Color. The purple, blue and red colors of live crawfish are attributed mainly to the carotenoid and carotenoprotein pigments. The carotenoproteins get denatured upon heating, causing the color changes from purple and blue to reddishorange. Color brightness (L*) and yellowness (b*) of fried soft crawfish generally increased with increased post-molting time (Table 1). Color redness (a*) was not drastically affected by post-molting time. The 24-hour fried soft crawfish had more intense orange color than did other samples as indicated by the hue angle and chroma values.

Texture. Maximum peak force (Kg) of fried soft crawfish decreased with increased post-molting time. The six-hour fried crawfish required more force to shear than did the 24-hour sample. This was likely due to the very elastic, thin layer of newly synthesized skin as opposed to the crispy, crushable shell of the 24-hour fried soft crawfish.

Product acceptability. Mean acceptability scores for appearance of fried soft crawfish were least influenced by postmolting time (Table 2). Color acceptability score of the 24-hour fried crawfish was less than that of the six-hour sample. Based on the color values (Table 1) and the sensory data (Table 2), consumers may prefer fried soft crawfish with darker red color over those with lighter orange color.

Texture quality of fried soft crawfish is critical to consumer acceptability. The shell crispness and overall texture of the 24-hour fried sample were as acceptable as the six-hour sample. This indicates that consumers may prefer fried crawfish with either a soft/elastic or crispy/crushable shell. Color, overall texture, shell crispness and, to a lesser extent, flavor and appearance, affected overall liking, but they did not cause the products to be unacceptable. Acceptability scores for appearance, flavor, shell crispness and texture of six- and 24-hour samples were slightly different. The 24-hour fried soft crawfish was as acceptable as the six-hour sample.

Purchase intent. The acceptability rating was highly related to the purchase intent rating. More than 82 percent of the consumers said the 24-hour fried soft crawfish were acceptable. More than 60 percent of consumers indicated the tendency to purchase this product if it were commercially available.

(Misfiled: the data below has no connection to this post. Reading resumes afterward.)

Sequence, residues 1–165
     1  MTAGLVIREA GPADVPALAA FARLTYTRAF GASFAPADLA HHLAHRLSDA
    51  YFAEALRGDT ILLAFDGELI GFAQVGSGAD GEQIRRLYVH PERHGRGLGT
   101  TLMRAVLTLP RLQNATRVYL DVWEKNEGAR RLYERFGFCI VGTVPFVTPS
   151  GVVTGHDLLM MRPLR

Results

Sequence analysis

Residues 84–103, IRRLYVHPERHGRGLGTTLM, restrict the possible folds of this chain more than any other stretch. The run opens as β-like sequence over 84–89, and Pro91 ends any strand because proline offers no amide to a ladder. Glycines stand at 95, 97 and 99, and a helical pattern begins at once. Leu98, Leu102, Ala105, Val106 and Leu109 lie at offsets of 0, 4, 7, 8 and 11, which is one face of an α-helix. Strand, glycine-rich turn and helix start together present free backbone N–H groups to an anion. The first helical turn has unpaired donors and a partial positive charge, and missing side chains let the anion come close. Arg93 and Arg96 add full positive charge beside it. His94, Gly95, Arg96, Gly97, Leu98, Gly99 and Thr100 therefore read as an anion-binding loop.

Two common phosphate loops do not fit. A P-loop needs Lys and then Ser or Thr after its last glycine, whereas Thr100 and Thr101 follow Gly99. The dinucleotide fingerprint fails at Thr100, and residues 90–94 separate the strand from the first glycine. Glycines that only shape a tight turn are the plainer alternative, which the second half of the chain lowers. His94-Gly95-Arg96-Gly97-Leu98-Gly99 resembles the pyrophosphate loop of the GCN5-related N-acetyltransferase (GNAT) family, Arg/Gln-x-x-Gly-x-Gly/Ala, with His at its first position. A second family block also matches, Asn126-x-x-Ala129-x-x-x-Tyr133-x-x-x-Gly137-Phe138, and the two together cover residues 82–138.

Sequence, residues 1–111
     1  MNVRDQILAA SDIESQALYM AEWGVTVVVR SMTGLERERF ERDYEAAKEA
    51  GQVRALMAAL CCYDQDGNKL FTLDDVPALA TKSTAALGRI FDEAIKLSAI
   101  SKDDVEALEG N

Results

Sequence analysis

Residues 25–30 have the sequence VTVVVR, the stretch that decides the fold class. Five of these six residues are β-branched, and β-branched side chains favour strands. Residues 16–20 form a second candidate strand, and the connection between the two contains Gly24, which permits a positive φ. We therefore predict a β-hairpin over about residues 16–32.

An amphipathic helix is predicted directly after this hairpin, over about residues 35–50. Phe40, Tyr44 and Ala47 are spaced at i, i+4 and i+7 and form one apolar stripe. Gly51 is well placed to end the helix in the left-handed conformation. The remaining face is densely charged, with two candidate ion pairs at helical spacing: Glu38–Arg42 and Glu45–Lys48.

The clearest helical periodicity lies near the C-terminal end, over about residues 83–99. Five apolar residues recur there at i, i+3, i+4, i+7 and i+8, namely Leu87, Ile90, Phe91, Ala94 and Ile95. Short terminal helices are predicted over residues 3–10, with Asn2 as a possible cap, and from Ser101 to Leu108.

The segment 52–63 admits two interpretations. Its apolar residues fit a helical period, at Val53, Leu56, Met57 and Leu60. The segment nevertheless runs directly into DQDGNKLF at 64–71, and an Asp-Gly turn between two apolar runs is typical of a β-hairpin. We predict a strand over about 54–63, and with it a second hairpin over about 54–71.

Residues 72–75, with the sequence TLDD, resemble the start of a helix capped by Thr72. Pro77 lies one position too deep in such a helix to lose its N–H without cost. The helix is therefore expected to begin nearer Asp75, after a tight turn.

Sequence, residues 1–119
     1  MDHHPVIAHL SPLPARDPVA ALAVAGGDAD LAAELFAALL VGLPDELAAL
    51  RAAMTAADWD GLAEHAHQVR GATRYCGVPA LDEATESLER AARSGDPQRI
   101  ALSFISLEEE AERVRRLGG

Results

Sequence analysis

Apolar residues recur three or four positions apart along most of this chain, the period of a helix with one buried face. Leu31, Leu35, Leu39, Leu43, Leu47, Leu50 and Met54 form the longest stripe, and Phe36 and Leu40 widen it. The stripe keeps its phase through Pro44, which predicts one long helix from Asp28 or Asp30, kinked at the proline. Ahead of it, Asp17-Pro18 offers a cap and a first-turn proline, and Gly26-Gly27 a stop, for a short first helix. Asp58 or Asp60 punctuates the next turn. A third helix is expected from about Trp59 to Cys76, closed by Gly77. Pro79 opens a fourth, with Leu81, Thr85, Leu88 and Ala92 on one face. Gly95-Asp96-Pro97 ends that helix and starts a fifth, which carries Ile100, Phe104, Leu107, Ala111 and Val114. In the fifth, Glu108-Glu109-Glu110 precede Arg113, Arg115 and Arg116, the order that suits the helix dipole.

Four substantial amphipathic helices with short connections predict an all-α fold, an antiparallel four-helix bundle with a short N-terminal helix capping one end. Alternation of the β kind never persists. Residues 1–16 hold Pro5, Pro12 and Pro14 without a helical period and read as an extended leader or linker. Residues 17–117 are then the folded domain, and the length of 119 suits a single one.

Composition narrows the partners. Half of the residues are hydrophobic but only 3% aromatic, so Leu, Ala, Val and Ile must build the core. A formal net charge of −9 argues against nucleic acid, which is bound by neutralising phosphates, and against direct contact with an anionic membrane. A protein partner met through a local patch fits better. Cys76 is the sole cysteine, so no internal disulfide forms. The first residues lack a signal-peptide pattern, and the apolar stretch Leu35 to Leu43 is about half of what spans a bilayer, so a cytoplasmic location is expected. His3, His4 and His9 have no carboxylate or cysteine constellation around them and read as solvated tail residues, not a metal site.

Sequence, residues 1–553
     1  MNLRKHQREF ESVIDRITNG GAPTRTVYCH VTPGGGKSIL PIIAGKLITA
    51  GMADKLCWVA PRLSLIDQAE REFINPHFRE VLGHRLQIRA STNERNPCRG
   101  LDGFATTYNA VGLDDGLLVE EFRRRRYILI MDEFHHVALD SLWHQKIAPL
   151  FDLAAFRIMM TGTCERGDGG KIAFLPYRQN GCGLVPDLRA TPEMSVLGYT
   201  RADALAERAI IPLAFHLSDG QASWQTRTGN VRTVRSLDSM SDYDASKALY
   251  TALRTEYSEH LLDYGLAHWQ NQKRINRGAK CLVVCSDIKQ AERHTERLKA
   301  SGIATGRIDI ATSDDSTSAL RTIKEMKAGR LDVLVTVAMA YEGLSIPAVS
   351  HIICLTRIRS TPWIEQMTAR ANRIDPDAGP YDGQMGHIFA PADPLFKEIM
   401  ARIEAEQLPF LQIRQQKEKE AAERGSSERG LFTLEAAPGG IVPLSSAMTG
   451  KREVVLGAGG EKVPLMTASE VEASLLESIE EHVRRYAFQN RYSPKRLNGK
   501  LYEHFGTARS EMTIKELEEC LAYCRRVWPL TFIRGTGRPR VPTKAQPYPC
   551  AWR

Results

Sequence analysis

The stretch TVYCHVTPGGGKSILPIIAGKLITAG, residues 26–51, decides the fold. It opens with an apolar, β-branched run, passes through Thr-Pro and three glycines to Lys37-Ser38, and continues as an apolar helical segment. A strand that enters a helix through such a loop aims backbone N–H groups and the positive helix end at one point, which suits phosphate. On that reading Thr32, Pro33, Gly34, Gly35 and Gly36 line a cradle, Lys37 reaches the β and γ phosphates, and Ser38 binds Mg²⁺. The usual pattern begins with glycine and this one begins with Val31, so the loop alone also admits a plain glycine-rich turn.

24-hour acceptability

Changes in texture and color of fried soft crawfish were distinctively observed as a result of post-molting time and calcification, but these changes did not cause the products to be unacceptable. Comparisons of consumer acceptability scores for appearance, flavor, shell crispness, overall texture and overall liking of six-hour versus 24-hour post-molt fried crawfish showed no significant differences. Without exception, sensory acceptability scores for the 24-hour post-molt fried crawfish were equal to or higher than 6.0 (“slightly like” on a 9-point scale).

It is commonly believed that, to obtain the best quality for consumption, soft crawfish must be collected within two (at 80 degrees F) to eight (at 68-70 degrees F) hours after molting, depending on the water temperature. In this study, all crawfish were held in the trays at approximately 70-75 degrees F. Results from the consumer study showed that crawfish held for up to 24 hours after molting were still acceptable to consumers if served as a nonbreaded deep-fried product. Maximizing the harvesting time for soft crawfish would allow producers to harvest more marketable soft crawfish and thus perhaps increase revenue. 

Viacheslav L. Sereda, Research Assistant; Witoon Prinyawiwatkul, Assistant Professor; Mohamed Ahmedna, Research Assistant; Ramu M. Rao, Professor; Alfred F. Trappey II, Instructor; and Douglas L. Park, Professor, all with the Department of Food Science, LSU Agricultural Center, Baton Rouge, La.

(This article was published in the summer 1999 issue of Louisiana Agriculture.)